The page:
Missy Cummings gets recruited for jobs outside of academia a lot. But she always says no.
Cummings, a professor in the department of mechanical engineering and material science (aka robotics) at Duke University, has consulted for many autonomous drive programs for automakers and Silicon Valley companies, but she said it's better for everyone if she just stays where she is for her full-time gig.
"I've had many offers to leave academia, but I'm doing everyone a favor by staying in academia," she said. "I am very persnickety about data and evidence and I would drive these companies crazy."
As companies such as Google race to bring autonomous cars to market, the cultural divide between academic types and corporate types is surfacing publicly. Academics, known for taking long, methodical approaches to problems, appear to be uncomfortable with the pace at which Silicon Valley companies are pushing ahead with autonomous cars.
"The mindset of the Silicon Valley approach is to want to go fast, to be agile, to fail quickly," said Ryan Eustice, a University of Michigan robotics professor who was hired this year by the Toyota Research Institute in Ann Arbor, Mich., to work on autonomous vehicle research.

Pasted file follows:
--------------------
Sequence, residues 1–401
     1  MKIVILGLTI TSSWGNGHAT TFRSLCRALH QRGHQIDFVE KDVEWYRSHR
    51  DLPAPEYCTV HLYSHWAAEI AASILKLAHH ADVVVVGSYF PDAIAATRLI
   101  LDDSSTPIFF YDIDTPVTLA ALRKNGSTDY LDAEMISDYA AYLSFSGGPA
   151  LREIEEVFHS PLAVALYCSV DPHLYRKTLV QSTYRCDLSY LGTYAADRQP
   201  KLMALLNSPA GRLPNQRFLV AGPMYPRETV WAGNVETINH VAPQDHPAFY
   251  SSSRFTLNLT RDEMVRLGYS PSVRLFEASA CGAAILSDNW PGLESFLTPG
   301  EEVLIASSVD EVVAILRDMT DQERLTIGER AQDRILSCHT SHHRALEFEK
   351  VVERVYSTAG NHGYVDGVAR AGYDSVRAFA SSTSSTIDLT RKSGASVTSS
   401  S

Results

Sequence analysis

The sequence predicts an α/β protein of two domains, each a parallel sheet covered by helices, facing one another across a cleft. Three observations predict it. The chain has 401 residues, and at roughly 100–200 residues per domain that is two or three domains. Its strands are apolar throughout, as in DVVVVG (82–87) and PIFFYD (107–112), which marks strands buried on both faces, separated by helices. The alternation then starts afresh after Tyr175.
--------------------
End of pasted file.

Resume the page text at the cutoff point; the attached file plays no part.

The different approaches have worked well until recently, when companies have entered the final stretch of producing autonomous cars for real consumers, rather than for testing and research. Solving the problems needed to create a successful end product may simply be less fun for big-name academics, who are accustomed to thinking big thoughts and running large-scale research projects. The issues now at hand -- such as refining how the cars drive -- can be worked on by basic systems engineers.